“The second heresy concerns belief. Jan Hus says that the priests’ command to believe in the Virgin Mary, in the saints, in the Pope, is because they don’t know that there is something other to believe in – to believe in God, about God, and God Himself. To believe in God means to love Him and to follow Him. To believe believe about God means to believe that what the Holy Bible says about God is true. And to believe God means to believe that what God says is true.
“The third heresy is about forgiveness of sins. Only God can forgive sins. Priests should explain to people how to repent. He should say: ‘dear brother, as you repent your sins and ask the merciful Saviour to forgive them, your sins are forgiven.’
“The fourth heresy is about listening to priests. About obedience. People should only obey good commandments of priests.
“The fifth heresy is about the curse – condemnation by the Church. The so-called anathema. This means excommunication from the Church. It should [Hus argues] only be pronounced and executed in unity with God, and with eternal love. The person who pronounces the anathema should love the person being cursed. If not, it isn’t love, but hatred. The anathema is harmful for the person who pronounces it.
“The last and sixth heresy is about Simony – the buying and selling of Church-bestowed benefits. It is when something that is earthly is exchanged for something which is of spiritual origin. Jan Hus gives an example: one wants to become a bishop, so he buys the bishopship. Hus says that this is very bad because in this case such an earthly thing as money is being exchanged for something of spiritual origin.”
Yes, that sounds very much like a reform manifesto.
“It was something like that. There was no print of it. But Jan Hus had the walls of the chapel to display this message.”
“I am not sure that Hus was a hero. He was a very important person. He was a very famous preacher, but from an intellectual point of view, rather a simple man.”
What makes you say that? Or what evidence is there for that?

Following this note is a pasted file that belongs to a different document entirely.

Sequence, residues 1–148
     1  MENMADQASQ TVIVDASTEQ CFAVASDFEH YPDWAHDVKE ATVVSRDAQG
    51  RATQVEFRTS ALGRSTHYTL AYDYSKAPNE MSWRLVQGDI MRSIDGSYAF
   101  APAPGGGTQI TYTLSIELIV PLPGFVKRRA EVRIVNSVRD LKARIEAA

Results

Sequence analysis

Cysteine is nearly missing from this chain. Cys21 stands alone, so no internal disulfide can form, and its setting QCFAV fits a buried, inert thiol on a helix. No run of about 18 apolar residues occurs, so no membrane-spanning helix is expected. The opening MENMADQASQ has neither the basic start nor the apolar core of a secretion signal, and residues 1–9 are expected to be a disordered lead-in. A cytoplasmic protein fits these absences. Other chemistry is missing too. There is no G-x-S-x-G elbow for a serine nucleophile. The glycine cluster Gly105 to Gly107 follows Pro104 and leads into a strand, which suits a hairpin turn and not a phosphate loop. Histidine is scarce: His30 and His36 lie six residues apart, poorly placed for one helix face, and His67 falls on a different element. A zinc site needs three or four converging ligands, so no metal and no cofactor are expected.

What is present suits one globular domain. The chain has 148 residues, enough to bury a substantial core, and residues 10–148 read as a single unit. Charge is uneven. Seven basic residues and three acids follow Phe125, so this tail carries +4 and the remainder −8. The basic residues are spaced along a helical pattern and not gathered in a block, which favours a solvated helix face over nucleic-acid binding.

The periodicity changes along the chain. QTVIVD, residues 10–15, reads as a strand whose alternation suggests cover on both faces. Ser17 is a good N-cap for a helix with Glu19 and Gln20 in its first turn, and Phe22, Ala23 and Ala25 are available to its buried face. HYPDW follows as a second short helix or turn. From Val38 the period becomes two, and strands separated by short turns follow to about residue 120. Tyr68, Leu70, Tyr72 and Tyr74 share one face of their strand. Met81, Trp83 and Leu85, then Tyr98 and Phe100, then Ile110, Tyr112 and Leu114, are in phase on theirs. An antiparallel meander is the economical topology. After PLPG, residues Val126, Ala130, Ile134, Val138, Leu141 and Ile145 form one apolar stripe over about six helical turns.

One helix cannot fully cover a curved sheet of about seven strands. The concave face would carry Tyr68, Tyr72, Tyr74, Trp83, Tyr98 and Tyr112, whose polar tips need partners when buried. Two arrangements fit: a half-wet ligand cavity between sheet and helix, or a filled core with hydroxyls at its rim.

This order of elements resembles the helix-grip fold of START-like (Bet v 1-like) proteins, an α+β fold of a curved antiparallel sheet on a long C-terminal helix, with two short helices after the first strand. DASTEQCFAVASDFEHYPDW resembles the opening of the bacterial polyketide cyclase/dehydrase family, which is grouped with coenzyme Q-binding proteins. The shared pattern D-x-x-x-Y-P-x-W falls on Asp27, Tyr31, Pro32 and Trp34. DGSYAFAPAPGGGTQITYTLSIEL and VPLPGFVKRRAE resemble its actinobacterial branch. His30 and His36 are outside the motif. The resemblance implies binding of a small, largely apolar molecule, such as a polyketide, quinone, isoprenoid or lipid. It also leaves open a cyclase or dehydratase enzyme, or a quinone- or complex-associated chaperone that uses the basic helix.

“The evidence is found through his university lectures. As the faculty’s head of arts, philosophy and theology.”
Do you think that had he not been burned at the stake he might have been forgotten by now?
“It is not a question of forgotten or not forgotten. His importance is different than how it is commonly understood. He was not a great thinker, but he was a great social activist. There is a big difference between these two things. The big thinkers are, for example, Hus’ teacher Stanislav ze Znojma [14th century philosopher, teacher and theologian], or his classmate friend and opponent Štěpán z Pálče [14th century priest]. These two people were excellent theologians and excellent intellectuals. On the other hand, Hus was an ordinary educated man...”
And, of course, during the communist times this made him of use as a supposed early Marxist or sorts.
“Yes. This is a very interesting development of Hus’ so-called second life since the 19th century. In the first edition of his monumental Czech history, František Palacký understood Hus rather critically. On the other hand, after the polemics and discussions with Konstantin von Höfler [19th century conservative nationalist German historian] in the 1860s, Palacký re-painted Hus as a modern liberal – as Palacký himself was. Tomáš Garrigue Masaryk, first president of Czechoslovakia, wrote a short book called ‘Jan Hus [our Renewal] and our Reformation’ [Jan Hus: Nase obrození a naše reformace, 1923] and Masaryk said that Hus is at the core of Czech history connecting the Middle Ages and modern era, and that this was a religious question. Back during the 19th century, the religious question was converted into a social question.
“And then Alois Jirásek [early 20th century Czech writer] wrote many novels about the Hussite movement and so on. Václav Novotný [early 20th century Czech historian] wrote a big biography of Jan Hus. And then, on this basis, Zdeněk Nejedlý [mid-20th century historian and politician] converted the person of Jan Hus into a communist. In 1954, director Otakar Vávra brought us a supposedly historical film about Jan Hus. But this was a completely different image of Jan Hus created by Nejedlý and Vávra, and also Palacký – although there is an illusion of continuity.”
And Hus is also used by today’s politicians sometimes to make a point. Even an English UKIP [UK Independence Party] politician recently mentioned him...
“Not just UKIP. I remember a speech by governor [of South Bohemian region Jiří] Zimlola. And he brought up Hus and the Hussite movement to inaugurate the South Bohemian Year of Hus [formally 20 locations across the south associated with Hus and Hussites]. But it was like Nejedlý, like Vávra, like author Josef Macek’s 1961 book on Hus – just old ideas presented in a new version.”
Over 1,000 skeletons discovered during renovation of Kutná Hora “bone church”
Language exams for foreigners seeking permanent residency permit to become tougher
Why are Russian and Chinese spying activities in Czech Republic so intense and how exactly do they do it?
Prague’s historical Koh-i-noor factory to be converted into residential area
The history of the “German Czechs”